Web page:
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A trip to an old cemetery can provide some delightful commentary â€” some intentional, some obviously not.
Much humor is found in the messages left by past generations, which most planned as serious memorials, but instead provide priceless tributes years later.
Epitaphs, once the norm, are practically non-existent now. I find them fascinating.
My late spouse once told me that his choice for the eulogy on my final resting place should be: "She was an enigma, but I loved her."
I responded that this would be OK except for the conjunction. "It should be 'AND I loved her,' not 'but,'" I argued. "You don't love me in spite of my craziness, but because ... ."
In typical Ed fashion, he just grinned.
Suggested epitaphs that never were actually chiseled into stone have been shared through various sources and are good for more than an occasional chuckle.
Ogden Nash, being straight to the point, suggested this pertinent gem for his tombstone: "Nash's Ashes."
Then a man named Thorpe offered for his gravesite: "Thorpe's Corpse."
These are much more appealing than the oft-used in earlier days "Rest in Peace" or "Asleep in Jesus" variety.
When a beloved country doctor's earthly life ended, his gravestone was inscribed with his professional shingle: "Dr. J.B. Jenkins. Office Upstairs."
The humor may have been unintentional in some instances, as recounted in "The Last Laugh," a collection of epitaphs by Hallmark. This publication included a "Lord, She Is Thin," because of the stonecarver's omission of the final "e" in the last word.
(That one makes me want to start eating my Wheaties. Who wants to be immortalized for thinness?)
Another in this anthology reads: "Here lies Bernard Lightfoot who was accidentally killed in the forty-fifth year of his age. Erected by his grateful family."
Also included in the book is: "Born 15 September 1822. Accidentally shot 4th April 1844 as a mark of affection from his brother."
A tribute to the joys of marriage in a New Haven, Conn., cemetery states: "Here lies the body of Obadiah Wilkinson and Ruth, his wife. Their warfare is accomplished."
This theme of marital bliss appears in this permanent tribute: "Within this grave do lie back to back my wife and I. When the last trump the air shall fill, if she gets up, I'll just lie still."
The monument for a blind wood sawyer's grave is marked with these words: "While none ever saw him see, thousands have seen him saw."
The Hallmark edition quotes the following as Benjamin Franklln's own epitaph:
"The body of Benjamin Franklin, printer,
Like the covering of an old book,
It's contents torn out
And stripped of its lettering
and gilding lies here.
Food for worms:
But the work shall not be lost,
It will (as he believed)
Appear once more, In a new and more
Corrected and Amended
by the Author."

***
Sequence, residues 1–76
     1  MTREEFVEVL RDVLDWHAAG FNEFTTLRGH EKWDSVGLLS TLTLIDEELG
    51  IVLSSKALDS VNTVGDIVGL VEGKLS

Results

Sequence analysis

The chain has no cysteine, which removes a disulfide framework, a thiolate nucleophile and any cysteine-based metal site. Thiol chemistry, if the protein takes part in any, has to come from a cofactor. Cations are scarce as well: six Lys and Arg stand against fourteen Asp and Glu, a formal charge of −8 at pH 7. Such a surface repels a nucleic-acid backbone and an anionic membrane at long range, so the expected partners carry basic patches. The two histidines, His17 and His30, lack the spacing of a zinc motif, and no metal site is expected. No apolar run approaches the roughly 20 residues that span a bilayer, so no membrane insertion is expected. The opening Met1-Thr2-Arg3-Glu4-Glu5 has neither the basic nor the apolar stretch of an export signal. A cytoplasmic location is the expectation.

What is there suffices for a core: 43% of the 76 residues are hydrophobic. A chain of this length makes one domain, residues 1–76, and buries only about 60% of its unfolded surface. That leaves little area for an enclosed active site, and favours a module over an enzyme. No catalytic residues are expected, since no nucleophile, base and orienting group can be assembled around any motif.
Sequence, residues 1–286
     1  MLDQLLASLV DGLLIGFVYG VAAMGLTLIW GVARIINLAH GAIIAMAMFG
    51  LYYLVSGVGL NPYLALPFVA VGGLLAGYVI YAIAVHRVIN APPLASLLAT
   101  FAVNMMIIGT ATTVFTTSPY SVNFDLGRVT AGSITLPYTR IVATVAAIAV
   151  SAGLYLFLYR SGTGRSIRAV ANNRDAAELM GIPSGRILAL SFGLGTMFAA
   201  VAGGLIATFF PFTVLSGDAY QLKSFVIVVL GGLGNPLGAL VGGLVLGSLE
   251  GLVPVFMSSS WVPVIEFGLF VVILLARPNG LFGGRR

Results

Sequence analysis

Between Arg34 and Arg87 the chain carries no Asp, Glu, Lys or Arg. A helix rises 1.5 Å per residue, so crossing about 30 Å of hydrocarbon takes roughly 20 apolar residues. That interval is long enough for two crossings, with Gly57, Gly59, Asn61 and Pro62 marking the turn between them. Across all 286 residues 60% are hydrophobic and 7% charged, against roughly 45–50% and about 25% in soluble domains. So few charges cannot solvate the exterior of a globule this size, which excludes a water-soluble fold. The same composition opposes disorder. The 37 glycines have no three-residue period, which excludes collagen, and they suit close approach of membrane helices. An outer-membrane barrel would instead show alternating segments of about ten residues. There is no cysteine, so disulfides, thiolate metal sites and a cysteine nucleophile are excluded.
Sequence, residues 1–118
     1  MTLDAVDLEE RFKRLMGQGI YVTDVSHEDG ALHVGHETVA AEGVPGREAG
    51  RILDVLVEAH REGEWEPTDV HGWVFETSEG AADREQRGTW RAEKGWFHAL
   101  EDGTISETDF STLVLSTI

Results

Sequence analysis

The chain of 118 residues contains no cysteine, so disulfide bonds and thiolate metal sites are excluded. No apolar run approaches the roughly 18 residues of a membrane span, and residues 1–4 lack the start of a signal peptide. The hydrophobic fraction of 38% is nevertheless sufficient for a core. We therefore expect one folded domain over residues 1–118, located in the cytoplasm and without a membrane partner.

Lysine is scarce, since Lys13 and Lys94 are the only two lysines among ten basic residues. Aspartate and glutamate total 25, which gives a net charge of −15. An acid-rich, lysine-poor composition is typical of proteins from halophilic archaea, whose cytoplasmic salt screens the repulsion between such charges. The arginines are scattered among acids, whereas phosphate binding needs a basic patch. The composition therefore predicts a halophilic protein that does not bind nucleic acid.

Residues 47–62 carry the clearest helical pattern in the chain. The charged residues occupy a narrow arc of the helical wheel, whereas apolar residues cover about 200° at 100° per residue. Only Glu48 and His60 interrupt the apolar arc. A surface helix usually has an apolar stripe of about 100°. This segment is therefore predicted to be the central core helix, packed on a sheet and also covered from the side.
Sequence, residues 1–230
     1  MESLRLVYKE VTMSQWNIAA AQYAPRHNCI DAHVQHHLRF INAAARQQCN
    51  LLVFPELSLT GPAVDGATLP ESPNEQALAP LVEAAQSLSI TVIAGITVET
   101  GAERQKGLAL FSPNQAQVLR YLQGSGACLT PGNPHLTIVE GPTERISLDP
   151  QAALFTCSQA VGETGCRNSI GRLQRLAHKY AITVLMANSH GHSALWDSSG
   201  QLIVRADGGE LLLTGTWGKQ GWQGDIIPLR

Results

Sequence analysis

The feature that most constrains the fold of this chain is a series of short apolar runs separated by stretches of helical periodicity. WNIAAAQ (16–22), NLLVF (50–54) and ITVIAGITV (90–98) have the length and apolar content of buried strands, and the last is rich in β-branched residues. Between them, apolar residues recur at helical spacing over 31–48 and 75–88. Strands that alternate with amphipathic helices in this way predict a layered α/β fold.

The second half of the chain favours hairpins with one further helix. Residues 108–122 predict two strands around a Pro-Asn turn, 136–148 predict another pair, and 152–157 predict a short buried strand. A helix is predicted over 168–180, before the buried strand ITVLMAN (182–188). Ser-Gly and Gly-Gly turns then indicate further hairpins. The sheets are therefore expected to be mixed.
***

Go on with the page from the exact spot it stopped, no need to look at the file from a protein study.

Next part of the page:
From a burial spot in Saratoga, N.Y., comes:
"Farewell, dear wife, my life is past. I loved you whilst my life did last. Weep not for me nor sorrow take. But love my brother for my sake."
And this tribute to marital bliss: "Beneath this stone my wife doth lie. Now she's at rest and so am I."
Four graves in New London County, Conn., contain these inscriptions beneath the names of the deceased:
"My I Wife," "My II Wife," "My III Wife" and "My IIII Wife."
In the center of the four plots is a fifth marked "Our Husband."
A final tribute to a fisherman in Block Island, N.Y., includes these cryptic comments: "He's done a-catching cod. And gone to meet his God."
Above a locksmith's grave appear these words: "A zealous locksmith died of late. And did not enter heaven's gate. But stood without and would not knock because he meant to pick the lock."
Some sage advice is imparted in: "Don't attempt to climb up in a tree. That's what caused the death of me!"
This one from Lincoln, Maine, comes close to a special kind of advertising: "Sacred to the memory of Mr. Jared Bates who died Aug. the 6th, 1800. His widow aged 24 who mourns as one who can be comforted lives at 7 Elm Street this village and possesses every qualification for a good wife."
What would one guess the surviving husband's sentiments to be in this one? "She was more to me than I expected."
But there's hope for the future, as this indicates: "1890 - The light of my life has gone out. 1891 - I have struck another match."
The tombstone of a man named Arthur Haines reads; "Haines' Haint."
Short and to the point are these two, which state simply: "Out of Business" and "Next to Last Judgment."
Somehow appropriate for a deceased gardener buried in Eastport, Maine, is this one-word tribute: "Transplanted."
A dentist's epitaph reads: "View this gravestone with gravity. He is filling his last cavity."
Among my favorites would be the following words comedian W.C. Fields â€” who for reasons unknown to me despised Philadelphia â€” stated he wanted to appear over his final resting place: "I'd rather be here than in Philadelphia."
Lynda Hollenbeck is senior editor of The Saline Courier.